The historical review closes with a look at the situation of homoeopathy today. Since the 1980s homoeopathy has experienced a considerable global upsurge. In the course of its 200-year history various regional schools of homoeopathy have emerged. The efficacy of the high potencies has remained controversial until today. The exhibition therefore also gives an account of the current research into this question and the outcomes of the research into health care provision. Special indication areas for homoeopathy and patient needs are described in conclusion.
FAQs concerning the Travelling Exhibition
Question 1: How much space is needed for the exhibition?
Answer: The exhibition occupies an area of c. 40-100 square meters. The flexible display stands allow for various set-ups and can easily be adjusted to the space in question. The panels need to be accessible from both sides.
Questions 2: What costs are involved?
Answer: The Robert Bosch Foundations and the Indian Goethe-Institut/Max Mueller Bhavan pay for the exhibition and, by prior arrangement, also bear the expenses for openings and other exhibition-related events. Information material for the exhibition can be ordered from Max Mueller Bhavan in Delhi. It is free of charge up to certain number (cf. Question 3). The exhibition comes with ‘nail to nail’ insurance.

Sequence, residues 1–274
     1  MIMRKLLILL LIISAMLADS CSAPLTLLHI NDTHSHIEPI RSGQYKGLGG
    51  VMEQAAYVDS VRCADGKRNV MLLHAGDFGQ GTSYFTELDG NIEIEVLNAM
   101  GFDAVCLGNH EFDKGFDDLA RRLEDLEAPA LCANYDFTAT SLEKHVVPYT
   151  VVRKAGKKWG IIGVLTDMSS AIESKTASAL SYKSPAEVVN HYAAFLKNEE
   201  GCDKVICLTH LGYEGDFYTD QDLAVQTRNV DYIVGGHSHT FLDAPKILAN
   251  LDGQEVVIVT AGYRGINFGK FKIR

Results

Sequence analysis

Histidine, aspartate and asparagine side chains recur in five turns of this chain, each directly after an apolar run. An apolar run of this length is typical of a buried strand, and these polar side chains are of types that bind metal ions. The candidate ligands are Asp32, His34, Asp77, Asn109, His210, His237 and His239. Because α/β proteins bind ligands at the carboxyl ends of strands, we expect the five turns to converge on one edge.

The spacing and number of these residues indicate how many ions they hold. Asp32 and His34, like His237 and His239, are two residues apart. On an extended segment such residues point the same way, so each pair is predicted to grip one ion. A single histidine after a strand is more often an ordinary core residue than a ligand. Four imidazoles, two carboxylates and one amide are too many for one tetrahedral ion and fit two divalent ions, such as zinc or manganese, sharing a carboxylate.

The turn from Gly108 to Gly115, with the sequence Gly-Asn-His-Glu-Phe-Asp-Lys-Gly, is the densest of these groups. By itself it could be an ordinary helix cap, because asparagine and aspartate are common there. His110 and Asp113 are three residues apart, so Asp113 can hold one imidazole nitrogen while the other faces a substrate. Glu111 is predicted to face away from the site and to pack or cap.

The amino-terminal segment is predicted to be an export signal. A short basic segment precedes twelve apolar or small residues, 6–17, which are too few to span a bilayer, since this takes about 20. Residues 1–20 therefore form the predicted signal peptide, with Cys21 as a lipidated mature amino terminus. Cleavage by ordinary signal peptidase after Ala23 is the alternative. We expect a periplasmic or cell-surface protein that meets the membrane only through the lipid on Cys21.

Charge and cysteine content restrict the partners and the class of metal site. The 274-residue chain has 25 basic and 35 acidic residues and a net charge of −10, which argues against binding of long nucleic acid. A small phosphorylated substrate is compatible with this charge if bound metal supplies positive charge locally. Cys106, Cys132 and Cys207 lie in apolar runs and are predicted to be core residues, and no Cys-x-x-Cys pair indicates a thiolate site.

Question 3: Is there any information material?
Answer: There are
– a flyer for exhibition visitors
– a poster
– an exhibition banner
– a short guide with the main texts
These materials can be ordered from the Goethe-Institut in Delhi.
Question 4: Who can answer my questions?
Answer: The contact person for booking the exhibition and for the technical procedure is:
Mrs. Anita Singh
Goethe-Institut/ Max Mueller Bhavan,
e-mail: [email protected]
Question 5: How many components does the exhibition consist of once it is set up?